A Universal Search Success Story

Category : search engine marketing

2

I’ve written on this site more than a few times about Universal Search and all of its potential, but it wasn’t until just recently that I discovered a real-life small business success story. My Universal Search Success Story post over on Search Engine Guide today tells the story of Michael Dorausch of ADIO chiropractic who posted a simple, home-made video that got indexed by search engines and drove thousands of people to view the video as well as a few paying clients to his doorstep.

I love this success story because we actually get to talk about ROI on a current marketing trend. Michael’s investment was minimal – both in budget and time – yet the results yielded paying, long-term clients. It’s a true testament to the power of search engine marketing for small businesses. Check out his success story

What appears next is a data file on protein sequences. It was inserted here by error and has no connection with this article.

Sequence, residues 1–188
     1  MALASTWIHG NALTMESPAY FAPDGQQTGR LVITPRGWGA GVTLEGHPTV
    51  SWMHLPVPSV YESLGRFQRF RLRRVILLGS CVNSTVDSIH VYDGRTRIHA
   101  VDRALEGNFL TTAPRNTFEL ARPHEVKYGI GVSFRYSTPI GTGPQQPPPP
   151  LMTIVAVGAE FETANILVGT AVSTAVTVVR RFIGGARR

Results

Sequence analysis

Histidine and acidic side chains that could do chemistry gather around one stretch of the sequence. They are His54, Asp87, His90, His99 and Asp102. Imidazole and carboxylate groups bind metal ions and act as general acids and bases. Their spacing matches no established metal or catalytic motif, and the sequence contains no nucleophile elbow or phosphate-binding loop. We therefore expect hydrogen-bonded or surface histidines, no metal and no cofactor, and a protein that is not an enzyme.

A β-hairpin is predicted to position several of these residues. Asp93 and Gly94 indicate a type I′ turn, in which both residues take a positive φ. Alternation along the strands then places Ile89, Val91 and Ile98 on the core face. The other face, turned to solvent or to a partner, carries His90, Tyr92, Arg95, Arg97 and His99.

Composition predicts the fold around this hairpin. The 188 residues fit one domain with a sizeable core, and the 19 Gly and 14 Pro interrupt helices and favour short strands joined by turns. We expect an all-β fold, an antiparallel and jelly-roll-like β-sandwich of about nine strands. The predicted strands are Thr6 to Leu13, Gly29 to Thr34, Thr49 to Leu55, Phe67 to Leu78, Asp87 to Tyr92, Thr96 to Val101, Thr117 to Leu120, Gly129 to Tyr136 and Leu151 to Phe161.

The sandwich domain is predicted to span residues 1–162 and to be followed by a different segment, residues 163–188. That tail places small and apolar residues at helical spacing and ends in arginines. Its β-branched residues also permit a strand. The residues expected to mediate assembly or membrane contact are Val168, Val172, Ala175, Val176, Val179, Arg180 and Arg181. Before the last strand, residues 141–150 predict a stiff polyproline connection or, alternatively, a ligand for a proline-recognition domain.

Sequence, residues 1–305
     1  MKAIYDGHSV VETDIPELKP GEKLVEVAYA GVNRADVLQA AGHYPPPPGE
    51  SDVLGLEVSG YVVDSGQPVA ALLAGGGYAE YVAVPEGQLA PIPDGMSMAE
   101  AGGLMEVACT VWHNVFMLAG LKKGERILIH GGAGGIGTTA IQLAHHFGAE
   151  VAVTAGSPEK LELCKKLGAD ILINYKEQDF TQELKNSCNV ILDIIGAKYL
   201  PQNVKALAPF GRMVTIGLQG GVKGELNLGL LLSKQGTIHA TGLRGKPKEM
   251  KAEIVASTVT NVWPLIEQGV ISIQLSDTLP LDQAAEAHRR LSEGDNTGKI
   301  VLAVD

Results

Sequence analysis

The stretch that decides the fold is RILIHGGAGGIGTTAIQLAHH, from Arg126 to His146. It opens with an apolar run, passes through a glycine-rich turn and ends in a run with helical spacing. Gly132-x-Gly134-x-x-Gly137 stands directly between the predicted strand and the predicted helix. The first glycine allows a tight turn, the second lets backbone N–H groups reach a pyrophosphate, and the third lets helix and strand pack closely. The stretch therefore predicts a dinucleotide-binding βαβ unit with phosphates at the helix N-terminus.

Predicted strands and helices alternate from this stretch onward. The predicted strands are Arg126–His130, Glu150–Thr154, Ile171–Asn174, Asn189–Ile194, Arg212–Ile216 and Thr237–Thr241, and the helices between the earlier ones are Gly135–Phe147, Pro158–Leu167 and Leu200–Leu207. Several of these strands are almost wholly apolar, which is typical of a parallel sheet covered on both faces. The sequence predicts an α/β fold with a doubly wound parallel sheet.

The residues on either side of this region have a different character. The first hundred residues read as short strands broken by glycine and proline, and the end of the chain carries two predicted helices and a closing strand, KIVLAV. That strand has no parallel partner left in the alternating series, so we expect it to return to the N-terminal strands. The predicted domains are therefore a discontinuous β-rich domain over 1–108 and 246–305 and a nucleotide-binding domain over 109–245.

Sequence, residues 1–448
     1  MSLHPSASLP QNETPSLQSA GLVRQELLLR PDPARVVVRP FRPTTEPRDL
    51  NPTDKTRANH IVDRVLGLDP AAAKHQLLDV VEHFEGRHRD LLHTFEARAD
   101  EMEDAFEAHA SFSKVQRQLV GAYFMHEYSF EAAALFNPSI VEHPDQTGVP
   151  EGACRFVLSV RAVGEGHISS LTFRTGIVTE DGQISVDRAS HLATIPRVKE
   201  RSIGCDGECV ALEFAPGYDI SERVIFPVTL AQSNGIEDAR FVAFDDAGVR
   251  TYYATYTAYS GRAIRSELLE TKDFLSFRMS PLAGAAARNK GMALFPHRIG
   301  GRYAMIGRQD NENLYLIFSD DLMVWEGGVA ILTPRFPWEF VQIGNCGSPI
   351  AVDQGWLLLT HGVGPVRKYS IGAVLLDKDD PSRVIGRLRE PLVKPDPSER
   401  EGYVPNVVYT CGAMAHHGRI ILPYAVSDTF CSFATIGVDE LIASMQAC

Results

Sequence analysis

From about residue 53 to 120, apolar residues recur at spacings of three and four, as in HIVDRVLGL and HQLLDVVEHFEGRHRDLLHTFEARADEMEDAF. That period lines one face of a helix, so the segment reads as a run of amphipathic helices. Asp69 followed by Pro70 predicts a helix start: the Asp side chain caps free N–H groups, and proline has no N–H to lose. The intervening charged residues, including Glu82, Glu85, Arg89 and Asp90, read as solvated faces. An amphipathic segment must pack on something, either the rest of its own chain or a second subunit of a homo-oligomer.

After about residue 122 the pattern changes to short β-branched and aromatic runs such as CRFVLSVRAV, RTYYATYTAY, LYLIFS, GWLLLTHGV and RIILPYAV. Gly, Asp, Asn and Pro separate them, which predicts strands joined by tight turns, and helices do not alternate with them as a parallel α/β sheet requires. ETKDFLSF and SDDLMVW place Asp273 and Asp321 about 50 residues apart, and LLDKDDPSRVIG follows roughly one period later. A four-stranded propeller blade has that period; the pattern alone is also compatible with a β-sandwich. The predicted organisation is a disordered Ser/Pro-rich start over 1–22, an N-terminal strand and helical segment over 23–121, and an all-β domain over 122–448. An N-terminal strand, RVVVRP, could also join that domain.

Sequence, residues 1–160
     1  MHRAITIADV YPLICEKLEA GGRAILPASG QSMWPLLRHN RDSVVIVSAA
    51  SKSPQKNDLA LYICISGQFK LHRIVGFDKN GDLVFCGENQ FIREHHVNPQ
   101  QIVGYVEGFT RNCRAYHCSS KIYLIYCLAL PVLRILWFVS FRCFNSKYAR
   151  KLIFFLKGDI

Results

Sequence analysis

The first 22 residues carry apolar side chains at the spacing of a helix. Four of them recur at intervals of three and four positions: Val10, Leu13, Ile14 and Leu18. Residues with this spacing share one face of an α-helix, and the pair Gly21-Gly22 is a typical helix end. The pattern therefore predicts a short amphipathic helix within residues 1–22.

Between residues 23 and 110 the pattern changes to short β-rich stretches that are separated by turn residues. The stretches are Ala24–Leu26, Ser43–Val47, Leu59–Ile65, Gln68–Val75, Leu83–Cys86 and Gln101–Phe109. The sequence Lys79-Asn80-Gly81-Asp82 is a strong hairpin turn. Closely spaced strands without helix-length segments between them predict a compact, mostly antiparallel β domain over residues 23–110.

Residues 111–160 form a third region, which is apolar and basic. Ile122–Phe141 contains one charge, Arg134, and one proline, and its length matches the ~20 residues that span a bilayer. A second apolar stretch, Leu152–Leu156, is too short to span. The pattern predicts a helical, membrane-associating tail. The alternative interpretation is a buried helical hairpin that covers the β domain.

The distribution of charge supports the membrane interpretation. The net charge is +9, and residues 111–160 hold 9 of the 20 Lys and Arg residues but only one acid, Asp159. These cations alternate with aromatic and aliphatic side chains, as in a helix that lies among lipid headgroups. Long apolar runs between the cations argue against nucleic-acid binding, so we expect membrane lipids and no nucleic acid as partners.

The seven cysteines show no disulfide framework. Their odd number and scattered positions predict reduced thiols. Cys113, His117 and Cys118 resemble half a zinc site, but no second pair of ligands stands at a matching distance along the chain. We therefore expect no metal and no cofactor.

If you have a success story of your own, I’d love to hear about it.


Google Street View And Virtual Marketing?

Category : search engine marketing

0

Google MapsI was using Google Maps recently to map out my trek from my hotel in Manhattan to the site of an upcoming conference I’m attending. It’s about 8 blocks and Google Maps pinpointed the exact streets I should take. Perfect! But wait, could Google Street View offer even more detail about what I might see on my walk?

My hotel is in a part of Midtown Manhattan in which I have not stayed before so I was curious to see what was around my hotel. So, I click on street view, grab the little Google Street View person icon and drag it to my hotel. Bingo, I have a 360 degree of what is around my hotel. In fact, I decided to take a virtual stroll of the immediate neighborhood. Ah, perfect – a local pub that might be nice after a long conference day. Oooh…a couple restaurants on the block…I’ll have to check those out.

Wait! What is happening here? Have I already picked out some destinations in which to visit based on my virtual map view? Absolutely. So, what does this mean for local businesses? Is there opportunity in Google Street View to market your local storefront?